There are also ways to deal with someone with such a disease, whether they are narcissistic or not, that you should know as well.  I admit I don’t know a lot, but these seem like common sense to me.  I used to take my mother’s mother to visit her husband in the nursing home.  His brain was damaged after a stroke, & he became much like someone with Alzheimer’s.  The nursing home kept him in the Alzheimer’s wing because of this, even though he didn’t have the disease.  I don’t think he remembered me at all, so I often stayed in the background while he & my grandmother visited.  I observed the other patients & how they responded to the ways they were treated.  This is some of what I learned.

Be patient.  This person is frustrated too that their mind isn’t working like it once did.  Don’t rush him or her- wait patiently for their answer instead.  If you need to remind them of something, do so gently.

Have a schedule, but be flexible.  For example, if you usually go to the grocery store on Tuesday, but the patient doesn’t feel like it, skip going.  Postpone the trip until the following day.  Or, find someone to sit with him or her while you go alone.

Be respectful.  If someone says they forgot something that you told them, don’t get frustrated & say something like “I told you this six times already!”  Just gently remind him or her again without saying “I already told you…”  Instead, say it like it’s the first time you’re mentioning it when possible.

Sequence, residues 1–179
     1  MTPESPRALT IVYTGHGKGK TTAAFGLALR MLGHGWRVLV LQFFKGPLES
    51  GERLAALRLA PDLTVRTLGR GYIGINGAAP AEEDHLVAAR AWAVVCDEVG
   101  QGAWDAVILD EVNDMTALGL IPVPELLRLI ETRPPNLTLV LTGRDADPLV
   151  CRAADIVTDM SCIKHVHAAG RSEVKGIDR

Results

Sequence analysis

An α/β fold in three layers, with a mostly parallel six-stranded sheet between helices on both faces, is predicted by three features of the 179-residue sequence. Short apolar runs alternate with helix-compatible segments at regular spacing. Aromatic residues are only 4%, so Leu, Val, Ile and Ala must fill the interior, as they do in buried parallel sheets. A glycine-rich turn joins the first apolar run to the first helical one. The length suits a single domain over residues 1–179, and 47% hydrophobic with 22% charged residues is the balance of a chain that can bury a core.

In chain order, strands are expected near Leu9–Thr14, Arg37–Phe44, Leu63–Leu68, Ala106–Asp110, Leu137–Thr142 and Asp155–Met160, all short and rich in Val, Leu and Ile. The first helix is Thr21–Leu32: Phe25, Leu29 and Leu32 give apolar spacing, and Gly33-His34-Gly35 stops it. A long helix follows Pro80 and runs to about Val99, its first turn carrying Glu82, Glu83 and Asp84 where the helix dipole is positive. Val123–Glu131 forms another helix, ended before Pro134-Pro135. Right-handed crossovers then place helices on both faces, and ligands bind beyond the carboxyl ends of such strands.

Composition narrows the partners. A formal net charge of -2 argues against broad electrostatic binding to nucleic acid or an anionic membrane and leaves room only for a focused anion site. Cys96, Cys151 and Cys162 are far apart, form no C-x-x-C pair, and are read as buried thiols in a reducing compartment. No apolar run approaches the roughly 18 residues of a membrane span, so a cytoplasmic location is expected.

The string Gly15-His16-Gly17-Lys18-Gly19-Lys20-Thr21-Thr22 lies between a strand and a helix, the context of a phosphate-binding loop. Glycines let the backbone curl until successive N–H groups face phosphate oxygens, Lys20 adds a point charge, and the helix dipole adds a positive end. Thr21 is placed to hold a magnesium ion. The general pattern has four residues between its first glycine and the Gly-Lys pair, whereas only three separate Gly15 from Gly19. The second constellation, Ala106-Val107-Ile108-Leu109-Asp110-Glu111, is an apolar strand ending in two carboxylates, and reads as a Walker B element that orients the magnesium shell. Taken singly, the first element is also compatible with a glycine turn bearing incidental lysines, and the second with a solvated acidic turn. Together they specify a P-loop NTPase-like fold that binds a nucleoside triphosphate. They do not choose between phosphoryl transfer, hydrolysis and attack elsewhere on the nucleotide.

Respond rather than react.  By this I mean that if the person says something deliberately hurtful to you, stop for a second, take a deep breath to calm down a bit, then respond.  Reacting with anger only upsets you both, & if the person is narcissistic, this can really start problems for you.  I had to do this recently with my father.  He asked how my in-laws are doing.  Mind you, he knows I haven’t spoken to them since 2002 because of how they treated me.  I took a deep breath & told him I don’t know or care- if he cares so much, talk to them about it & leave me out of this.  I said so calmly but firmly (then vented to my poor husband after I hung up the phone..).  So far, no more comments, but if there are, I will say the exact same thing again & again.  He doesn’t get upset, & I don’t end up feeling guilty because I yelled at my father.

Remember, many people with Alzheimer’s or dementia forget someone they knew has passed on or mistake you for someone else.  Just go along with it- what could it hurt if they think you are their mother, for example?   One day while visiting my step grandfather in the nursing home, a man who obviously had advanced Alzheimer’s thought I was his daughter.  I let him.   It seemed to give him joy for a few minutes, he obviously loved his daughter a great deal, then suddenly he was done & walked away.  No harm was done, & he was happy for a brief time.